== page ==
An efficient method for data processing and interpretation is needed to support and extend disulfide mass-mapping methodology based on partial reduction and cyanylation-induced cleavage to proteins containing more than four cystines. Here, the concept of "negative signature mass" is introduced as the novel feature of an algorithm designed to identify the disulfide structure of a cystinyl protein given an input of mass spectral data and an amino acid sequence. The "negative signature mass" process is different from the conventional approach in that it does not directly rule-in disulfide linkages, but rather eliminates linkages from a list of all possible theoretical linkages, with the goal of ruling out enough linkages so that only one disulfide structure can be constructed. The operating principles and the effectiveness of the algorithm are described in the context of analyzing ribonuclease A, a 124-residue protein containing eight cysteines in the form of four cystines (disulfides).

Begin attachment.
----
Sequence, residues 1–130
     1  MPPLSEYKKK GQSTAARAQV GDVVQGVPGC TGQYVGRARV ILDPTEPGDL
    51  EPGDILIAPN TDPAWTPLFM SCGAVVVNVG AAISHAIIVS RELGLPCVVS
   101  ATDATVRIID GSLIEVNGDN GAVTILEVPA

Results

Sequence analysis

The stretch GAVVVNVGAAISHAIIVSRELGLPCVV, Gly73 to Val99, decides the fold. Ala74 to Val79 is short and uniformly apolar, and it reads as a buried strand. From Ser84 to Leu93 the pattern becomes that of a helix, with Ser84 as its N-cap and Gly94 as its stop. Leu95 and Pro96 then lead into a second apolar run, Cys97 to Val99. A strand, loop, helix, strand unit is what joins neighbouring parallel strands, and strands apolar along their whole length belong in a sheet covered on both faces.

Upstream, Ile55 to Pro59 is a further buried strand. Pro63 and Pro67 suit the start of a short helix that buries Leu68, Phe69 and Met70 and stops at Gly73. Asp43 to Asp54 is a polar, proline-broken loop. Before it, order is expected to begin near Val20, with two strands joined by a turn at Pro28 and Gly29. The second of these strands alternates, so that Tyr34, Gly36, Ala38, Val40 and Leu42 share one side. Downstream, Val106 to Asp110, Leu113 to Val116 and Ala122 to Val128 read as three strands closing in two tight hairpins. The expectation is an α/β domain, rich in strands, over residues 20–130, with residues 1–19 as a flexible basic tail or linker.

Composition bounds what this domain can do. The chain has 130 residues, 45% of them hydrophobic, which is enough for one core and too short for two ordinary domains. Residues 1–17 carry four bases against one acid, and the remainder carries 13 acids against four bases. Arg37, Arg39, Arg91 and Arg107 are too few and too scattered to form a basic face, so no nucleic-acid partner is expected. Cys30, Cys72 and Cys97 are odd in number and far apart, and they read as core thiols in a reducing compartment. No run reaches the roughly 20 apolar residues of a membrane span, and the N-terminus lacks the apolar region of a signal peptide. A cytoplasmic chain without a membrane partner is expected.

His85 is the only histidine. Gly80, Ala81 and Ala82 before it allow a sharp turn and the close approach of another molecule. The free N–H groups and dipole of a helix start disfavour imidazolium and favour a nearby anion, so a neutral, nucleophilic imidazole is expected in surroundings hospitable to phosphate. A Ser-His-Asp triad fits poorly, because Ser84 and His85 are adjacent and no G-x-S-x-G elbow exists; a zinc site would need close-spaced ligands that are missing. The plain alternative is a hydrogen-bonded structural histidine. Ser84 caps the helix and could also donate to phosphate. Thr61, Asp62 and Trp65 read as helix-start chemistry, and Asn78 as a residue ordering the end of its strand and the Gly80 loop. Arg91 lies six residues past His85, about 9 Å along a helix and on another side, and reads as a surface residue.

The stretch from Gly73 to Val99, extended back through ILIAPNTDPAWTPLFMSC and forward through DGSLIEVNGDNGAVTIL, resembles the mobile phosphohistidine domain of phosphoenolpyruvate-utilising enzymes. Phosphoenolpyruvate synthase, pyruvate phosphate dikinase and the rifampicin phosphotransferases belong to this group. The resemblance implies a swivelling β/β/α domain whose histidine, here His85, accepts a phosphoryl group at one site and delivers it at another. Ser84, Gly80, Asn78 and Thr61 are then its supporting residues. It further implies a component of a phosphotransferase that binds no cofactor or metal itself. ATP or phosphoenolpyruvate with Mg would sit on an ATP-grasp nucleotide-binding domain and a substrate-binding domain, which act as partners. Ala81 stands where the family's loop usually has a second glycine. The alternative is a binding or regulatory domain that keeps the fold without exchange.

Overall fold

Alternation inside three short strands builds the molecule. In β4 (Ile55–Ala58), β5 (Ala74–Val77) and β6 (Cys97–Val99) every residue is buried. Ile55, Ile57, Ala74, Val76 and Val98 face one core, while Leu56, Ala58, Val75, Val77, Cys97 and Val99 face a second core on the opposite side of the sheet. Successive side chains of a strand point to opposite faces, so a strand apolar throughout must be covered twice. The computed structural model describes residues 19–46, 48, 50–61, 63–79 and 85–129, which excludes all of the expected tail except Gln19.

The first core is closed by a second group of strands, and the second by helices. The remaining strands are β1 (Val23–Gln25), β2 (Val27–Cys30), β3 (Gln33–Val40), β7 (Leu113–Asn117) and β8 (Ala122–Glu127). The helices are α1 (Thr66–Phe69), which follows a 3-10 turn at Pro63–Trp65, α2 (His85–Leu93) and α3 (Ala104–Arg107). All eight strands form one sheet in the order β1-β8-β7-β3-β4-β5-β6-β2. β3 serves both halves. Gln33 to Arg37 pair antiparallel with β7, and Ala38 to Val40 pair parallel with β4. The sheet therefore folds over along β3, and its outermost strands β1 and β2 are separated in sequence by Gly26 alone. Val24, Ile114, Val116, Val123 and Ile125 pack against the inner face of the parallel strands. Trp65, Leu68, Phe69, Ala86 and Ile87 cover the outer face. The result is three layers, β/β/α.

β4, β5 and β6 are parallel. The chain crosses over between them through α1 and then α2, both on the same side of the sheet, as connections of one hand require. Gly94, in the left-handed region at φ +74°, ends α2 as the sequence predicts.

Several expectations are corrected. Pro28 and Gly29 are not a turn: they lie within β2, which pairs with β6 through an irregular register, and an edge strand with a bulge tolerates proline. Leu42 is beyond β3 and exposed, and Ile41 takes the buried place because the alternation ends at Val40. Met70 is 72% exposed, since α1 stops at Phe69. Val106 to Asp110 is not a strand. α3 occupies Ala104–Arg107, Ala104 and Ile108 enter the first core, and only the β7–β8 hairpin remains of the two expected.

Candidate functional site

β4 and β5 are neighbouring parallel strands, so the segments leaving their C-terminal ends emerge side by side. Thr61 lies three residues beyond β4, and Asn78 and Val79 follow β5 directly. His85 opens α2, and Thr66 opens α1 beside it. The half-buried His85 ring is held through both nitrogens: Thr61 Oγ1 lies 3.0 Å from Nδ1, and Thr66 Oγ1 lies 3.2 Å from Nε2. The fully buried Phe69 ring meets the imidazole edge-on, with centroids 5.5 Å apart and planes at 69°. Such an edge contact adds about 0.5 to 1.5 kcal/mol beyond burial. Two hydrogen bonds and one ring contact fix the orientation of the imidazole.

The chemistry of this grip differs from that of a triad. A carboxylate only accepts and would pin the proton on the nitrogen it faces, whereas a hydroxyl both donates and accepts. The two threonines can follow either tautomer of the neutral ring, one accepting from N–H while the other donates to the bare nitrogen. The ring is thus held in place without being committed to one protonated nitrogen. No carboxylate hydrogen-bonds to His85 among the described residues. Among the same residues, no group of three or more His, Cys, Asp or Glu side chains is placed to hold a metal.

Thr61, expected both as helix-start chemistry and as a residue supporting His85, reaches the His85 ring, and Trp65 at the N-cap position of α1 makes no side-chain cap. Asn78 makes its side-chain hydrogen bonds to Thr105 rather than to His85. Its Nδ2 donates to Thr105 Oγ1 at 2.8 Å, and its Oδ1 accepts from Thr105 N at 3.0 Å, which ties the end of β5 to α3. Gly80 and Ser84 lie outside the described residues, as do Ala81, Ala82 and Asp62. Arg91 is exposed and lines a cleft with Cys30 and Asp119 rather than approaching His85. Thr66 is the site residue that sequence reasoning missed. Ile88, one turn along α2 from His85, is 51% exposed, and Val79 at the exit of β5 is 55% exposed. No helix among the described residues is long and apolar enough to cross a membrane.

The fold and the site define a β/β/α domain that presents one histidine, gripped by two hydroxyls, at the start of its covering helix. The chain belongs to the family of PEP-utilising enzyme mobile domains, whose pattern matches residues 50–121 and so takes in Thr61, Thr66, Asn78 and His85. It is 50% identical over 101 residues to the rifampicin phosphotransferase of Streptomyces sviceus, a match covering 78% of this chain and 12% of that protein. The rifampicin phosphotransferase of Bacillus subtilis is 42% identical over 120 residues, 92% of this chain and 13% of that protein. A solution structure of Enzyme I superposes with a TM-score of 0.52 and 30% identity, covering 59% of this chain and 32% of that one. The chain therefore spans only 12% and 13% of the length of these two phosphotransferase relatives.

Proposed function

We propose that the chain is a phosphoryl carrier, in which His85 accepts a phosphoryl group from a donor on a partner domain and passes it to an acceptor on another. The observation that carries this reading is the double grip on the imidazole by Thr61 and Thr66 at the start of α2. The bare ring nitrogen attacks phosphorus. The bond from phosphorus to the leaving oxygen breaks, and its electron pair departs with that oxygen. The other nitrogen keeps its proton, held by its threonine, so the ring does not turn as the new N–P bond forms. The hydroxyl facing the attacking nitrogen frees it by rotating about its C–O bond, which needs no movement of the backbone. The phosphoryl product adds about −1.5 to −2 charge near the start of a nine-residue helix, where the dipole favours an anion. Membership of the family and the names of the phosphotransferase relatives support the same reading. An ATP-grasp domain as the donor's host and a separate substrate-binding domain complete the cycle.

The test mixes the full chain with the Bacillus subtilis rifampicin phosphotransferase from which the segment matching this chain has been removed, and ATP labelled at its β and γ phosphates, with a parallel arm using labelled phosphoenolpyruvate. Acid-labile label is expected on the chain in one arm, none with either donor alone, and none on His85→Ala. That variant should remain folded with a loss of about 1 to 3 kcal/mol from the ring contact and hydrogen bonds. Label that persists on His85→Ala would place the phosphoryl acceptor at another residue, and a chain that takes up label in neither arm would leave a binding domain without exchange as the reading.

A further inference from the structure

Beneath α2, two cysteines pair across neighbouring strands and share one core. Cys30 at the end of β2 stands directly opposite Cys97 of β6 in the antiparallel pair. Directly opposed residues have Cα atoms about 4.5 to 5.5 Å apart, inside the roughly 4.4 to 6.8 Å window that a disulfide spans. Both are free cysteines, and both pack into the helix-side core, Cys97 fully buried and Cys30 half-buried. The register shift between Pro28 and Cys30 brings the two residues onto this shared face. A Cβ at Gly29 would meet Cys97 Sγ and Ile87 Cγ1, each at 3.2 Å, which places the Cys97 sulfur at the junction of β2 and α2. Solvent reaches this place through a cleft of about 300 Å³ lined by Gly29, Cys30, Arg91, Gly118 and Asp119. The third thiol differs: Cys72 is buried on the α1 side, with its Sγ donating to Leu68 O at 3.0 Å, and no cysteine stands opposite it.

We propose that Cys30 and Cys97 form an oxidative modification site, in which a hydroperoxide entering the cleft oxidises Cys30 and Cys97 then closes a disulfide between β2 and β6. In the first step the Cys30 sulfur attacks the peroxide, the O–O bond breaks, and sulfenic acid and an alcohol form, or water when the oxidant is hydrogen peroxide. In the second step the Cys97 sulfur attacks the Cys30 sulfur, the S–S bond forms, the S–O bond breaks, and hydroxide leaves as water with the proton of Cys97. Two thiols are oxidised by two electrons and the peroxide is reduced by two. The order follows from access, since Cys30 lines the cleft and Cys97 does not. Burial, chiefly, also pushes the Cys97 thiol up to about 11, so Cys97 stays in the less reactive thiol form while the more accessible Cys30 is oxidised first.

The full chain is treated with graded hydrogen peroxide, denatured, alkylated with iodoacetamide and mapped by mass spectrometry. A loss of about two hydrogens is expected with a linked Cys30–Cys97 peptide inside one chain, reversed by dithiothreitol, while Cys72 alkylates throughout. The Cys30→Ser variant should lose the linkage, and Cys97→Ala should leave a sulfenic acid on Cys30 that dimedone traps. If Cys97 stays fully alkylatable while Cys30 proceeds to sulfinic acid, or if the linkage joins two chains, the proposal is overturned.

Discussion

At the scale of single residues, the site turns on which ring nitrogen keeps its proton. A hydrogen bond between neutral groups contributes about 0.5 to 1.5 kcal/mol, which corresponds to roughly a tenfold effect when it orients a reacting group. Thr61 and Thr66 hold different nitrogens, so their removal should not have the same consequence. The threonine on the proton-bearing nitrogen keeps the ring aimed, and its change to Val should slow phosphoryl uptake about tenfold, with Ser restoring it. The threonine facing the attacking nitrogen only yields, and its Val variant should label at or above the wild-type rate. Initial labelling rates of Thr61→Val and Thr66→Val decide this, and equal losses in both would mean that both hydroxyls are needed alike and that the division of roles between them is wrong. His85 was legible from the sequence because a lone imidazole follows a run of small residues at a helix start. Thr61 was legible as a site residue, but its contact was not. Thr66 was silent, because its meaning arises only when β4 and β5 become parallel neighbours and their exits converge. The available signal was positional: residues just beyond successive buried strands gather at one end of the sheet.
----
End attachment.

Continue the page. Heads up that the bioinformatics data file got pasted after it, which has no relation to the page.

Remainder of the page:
|Original language||English (US)|
|Number of pages||7|
|Journal||Journal of the American Society for Mass Spectrometry|
|State||Published - Sep 2003|
ASJC Scopus subject areas
- Structural Biology